More about Counts! They used to CONtrol “countys”. The English word Count is French Comte; Spanish Conde; Italian Conte; Turkish Kont; Irish, er, “Cunta” (be careful how you pronounce it.) It has Latin roots in “Companion,” as in Companion to an Emperor, leader of a military Company. Its Saxon / British equivalent is “Earl” but, interestingly, there is no such thing as an “Earless” : An Earl’s wife is called a Countess.
And here I am reading “Count Robert of Paris,” one of Walter Scott’s “lesser, latter” novels. This is an epic of unfulfilled ambition, about the first Crusade and the declining days of the Byzantine empire (torn between burgeoning Christendom and the Ottoman Turks). It is not much read today, and unjustly considered his worst. Scott himself referred to the novel as “no better than mended China” and struggled through its composition; the two strokes he suffered while writing it didn’t help. If “Count Robert of Paris” is his “worst,” I must delve deeper into Scott’s novels, because this is a novel of great interest and fascinating oddities, with an undeniable creative genius commanding things. The bad reputation is only relative to his earlier successes. As a critic once quipped: “Everyone who has NOT read ‘Count Robert of Paris’ knows it to be unreadable.”
“Count Robert of Paris” takes off from a minor historical event, in which the titular Count, an “uncouth” Frank leader, interrupted diplomatic negotiations between his troops and the refined Byzantine Emperor Alexius I Comnenus by casually – and sacrilegiously- sitting on the Emperor’s vacant throne. Scott sees the moment as emblematic of the complex crucible that led to the Crusades: Greeks, Romans, Turks, Normans, Saxons, Ethiopians, all clash and collude throughout the novel, as they do in “The Alexiad,” the historical chronicle on which Scott relies. (He also indulges in, as Isaac Asimov would put it, “a little bit of cribbin’ / from the works of Edward Gibbon.”)
“The Alexiad” has the distinction of being the rare historical epic written by a woman: the “born-and-bred-to-the-purple” Princess Anna Comnena. Priceless to historians, “The Alexiad” looks at the first Crusade through the eyes of the Byzantine elite. Sure, it comes with some obvious partiality- a daughter is praising her Imperial father’s military deeds and all. But it’s also laden with wisdom and flights of philosophical “poesy”:
“The stream of Time, irresistible, ever moving, carries off and bears away all things that come to birth and plunges them into utter darkness, both deeds of no account and deeds which are mighty and worthy of commemoration; as the playwright says, it ‘brings to light that which was unseen and shrouds from us that which was manifest’. Nevertheless, the science of History is a great bulwark against this stream of Time; in a way it checks this irresistible flood, it holds in a tight grasp whatever it can seize floating on the surface and will not allow it to slip away into the depths of Oblivion.”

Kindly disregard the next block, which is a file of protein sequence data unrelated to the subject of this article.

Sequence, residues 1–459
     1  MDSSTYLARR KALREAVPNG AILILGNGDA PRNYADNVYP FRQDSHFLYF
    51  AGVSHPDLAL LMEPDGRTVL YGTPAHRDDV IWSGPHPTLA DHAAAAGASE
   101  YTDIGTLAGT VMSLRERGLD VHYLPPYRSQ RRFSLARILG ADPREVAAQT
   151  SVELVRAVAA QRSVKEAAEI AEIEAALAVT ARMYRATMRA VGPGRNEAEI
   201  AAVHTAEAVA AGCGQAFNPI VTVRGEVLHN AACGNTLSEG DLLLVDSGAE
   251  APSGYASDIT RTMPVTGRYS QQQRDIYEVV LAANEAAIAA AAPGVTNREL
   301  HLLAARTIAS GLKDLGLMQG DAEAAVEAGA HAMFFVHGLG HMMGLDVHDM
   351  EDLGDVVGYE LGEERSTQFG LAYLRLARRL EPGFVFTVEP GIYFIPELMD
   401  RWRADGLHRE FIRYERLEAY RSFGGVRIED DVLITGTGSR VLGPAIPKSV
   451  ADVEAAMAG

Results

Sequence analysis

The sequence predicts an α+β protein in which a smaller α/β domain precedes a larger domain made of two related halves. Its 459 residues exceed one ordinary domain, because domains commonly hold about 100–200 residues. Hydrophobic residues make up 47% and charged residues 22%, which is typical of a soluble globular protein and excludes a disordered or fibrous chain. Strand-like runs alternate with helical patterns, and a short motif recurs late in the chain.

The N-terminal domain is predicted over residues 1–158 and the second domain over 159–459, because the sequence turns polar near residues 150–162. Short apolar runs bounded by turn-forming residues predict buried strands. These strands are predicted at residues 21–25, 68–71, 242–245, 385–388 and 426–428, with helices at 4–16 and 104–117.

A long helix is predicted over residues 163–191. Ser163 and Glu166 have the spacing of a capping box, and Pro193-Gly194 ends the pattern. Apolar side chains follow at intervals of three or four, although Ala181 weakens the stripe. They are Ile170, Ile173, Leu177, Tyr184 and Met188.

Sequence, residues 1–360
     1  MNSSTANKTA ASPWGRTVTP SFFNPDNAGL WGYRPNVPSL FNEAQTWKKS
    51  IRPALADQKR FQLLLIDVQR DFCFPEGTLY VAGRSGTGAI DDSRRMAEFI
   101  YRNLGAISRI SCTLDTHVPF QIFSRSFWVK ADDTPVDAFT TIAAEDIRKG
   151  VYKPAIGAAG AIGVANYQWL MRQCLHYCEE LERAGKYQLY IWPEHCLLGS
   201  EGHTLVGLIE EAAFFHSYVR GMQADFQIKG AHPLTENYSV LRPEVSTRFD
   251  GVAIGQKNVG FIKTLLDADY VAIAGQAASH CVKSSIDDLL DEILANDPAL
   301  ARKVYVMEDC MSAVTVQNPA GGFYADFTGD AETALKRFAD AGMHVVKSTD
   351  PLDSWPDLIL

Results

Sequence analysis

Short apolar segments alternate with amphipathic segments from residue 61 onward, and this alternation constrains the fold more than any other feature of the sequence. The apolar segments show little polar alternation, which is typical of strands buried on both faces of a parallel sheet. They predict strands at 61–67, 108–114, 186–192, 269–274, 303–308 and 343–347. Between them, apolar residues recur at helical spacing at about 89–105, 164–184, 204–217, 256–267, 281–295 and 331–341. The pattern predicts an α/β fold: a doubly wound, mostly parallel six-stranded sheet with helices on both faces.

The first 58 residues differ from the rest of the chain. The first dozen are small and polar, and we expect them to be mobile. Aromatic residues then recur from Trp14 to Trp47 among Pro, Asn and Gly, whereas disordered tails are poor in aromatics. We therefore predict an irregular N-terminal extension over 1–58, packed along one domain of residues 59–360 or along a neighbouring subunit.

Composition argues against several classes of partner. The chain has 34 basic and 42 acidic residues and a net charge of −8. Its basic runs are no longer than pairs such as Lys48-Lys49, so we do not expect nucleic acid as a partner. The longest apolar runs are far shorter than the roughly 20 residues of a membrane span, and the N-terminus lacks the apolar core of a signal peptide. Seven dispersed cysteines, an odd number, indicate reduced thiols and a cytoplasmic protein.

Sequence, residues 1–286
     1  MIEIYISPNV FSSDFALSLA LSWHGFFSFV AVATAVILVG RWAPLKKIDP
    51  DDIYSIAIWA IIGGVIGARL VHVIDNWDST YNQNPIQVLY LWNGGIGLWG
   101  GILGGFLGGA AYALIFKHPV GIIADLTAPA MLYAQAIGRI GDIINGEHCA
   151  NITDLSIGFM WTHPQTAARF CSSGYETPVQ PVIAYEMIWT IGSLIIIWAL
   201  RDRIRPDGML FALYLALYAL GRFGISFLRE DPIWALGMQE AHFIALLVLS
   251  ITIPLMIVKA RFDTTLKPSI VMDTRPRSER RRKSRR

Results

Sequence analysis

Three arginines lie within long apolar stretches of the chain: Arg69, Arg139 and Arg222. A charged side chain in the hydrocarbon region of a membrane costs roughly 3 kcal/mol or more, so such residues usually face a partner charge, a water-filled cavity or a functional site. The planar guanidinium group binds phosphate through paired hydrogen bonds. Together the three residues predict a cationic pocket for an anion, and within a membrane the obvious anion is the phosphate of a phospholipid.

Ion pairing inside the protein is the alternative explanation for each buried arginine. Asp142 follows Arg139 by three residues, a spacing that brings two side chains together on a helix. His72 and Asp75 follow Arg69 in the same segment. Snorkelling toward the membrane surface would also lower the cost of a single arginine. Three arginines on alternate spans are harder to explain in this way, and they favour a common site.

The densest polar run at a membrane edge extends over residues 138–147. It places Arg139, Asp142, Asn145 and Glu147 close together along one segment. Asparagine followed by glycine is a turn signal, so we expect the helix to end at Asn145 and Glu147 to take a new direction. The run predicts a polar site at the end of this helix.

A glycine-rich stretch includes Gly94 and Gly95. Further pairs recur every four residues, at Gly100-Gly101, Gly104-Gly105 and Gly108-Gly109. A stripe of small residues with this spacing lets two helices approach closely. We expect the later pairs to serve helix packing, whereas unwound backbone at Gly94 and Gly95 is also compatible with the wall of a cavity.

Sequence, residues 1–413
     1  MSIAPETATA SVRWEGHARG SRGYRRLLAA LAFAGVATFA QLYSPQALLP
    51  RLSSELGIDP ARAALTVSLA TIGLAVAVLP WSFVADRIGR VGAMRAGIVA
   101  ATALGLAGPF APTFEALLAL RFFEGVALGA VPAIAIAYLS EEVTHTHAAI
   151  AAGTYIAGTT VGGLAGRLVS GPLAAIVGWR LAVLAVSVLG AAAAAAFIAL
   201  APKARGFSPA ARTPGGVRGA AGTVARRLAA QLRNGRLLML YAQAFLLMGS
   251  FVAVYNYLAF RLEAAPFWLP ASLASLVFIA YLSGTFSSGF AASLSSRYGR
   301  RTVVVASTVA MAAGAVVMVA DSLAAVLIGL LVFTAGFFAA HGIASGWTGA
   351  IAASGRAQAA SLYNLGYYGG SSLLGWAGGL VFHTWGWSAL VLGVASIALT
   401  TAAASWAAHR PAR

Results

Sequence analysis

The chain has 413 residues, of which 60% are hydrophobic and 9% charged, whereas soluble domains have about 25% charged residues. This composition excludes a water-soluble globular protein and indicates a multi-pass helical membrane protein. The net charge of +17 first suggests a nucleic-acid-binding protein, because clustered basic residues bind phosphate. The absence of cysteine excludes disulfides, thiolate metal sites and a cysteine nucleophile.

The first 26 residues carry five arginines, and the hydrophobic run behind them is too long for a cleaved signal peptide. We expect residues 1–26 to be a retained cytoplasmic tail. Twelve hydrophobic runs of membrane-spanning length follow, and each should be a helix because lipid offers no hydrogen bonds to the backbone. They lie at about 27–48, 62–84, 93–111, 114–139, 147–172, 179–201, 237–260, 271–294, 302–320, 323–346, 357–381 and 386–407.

Anna Comnena figures prominently in “Count Robert of Paris,” but as with every other player in the story, we’re given a deft portrait instead of a moving picture. Scott assembles quite a few interesting characters aside from Anna: Emperor Alexius; Count Robert; Brenhilda, Robert’s Xena-like warrior wife; Hereward, the Anglo-Saxon hero and true protagonist of the novel; Agelastes, the treacherous philosopher; Diogenes, the even more philosophical slave… But Scott seems uncertain of what he wants the characters to DO: only Sylvan the Smart, Killer Orangutan can be said to truly ACT, rather than “witness” or “plot”. Things build up at length only to end abruptly and inconclusively. It all feels like a prologue to a brand new stage in Scott’s career. Instead, we were left with a botched epilogue.
Scott is not talked about enough these days, outside of hard-core fans of the historical adventure novel such as meself, and he is largely absent from the current curriculum, (unless you’re in Edinburgh.) Even the once seemingly perennial popularity of “Ivanhoe” has waned. The most eminent “man of letters” of his time, his overwrought style now seems archaic to most, and his love of dialect can easily turn off non-linguists and slow otherwise interesting novels to a crawl. (Here “Count of Robert of Paris” accidentally succeeds by being uncharacteristically set in ancient Constantinople. None of the folksy Scottish nonsense that made some passages of “The Astrologer” darn near unreadable for me.)
But what at first might feel belabored ends up seeming playful and engaging. If you can accept that his characters will never converse when they can speechify, then you’ll be fine. He remains one of the all-time great novelists, in the “big” sense of the word : capable of creating a world peopled by memorable men and women of varying natures, and setting them off against each other while having sympathy for his characters. Pamphleteers write about good guys vs. bad guys. Novelists write about people who want one thing vs. people who want another thing.
He even has sympathy for Sylvan the Smart, Killer Orangutan! Did I mention him? Let’s mention him again! (This was 10 years before Edgar Allan Poe’s “The Murders in the Rue Morgue”… and a century before Edgar Wallace’s “The Avenger”.)
RATING: COOL at points; ambitious throughout; unsatisfying overall. But honestly, the killer orangutan was enough of a selling point for me.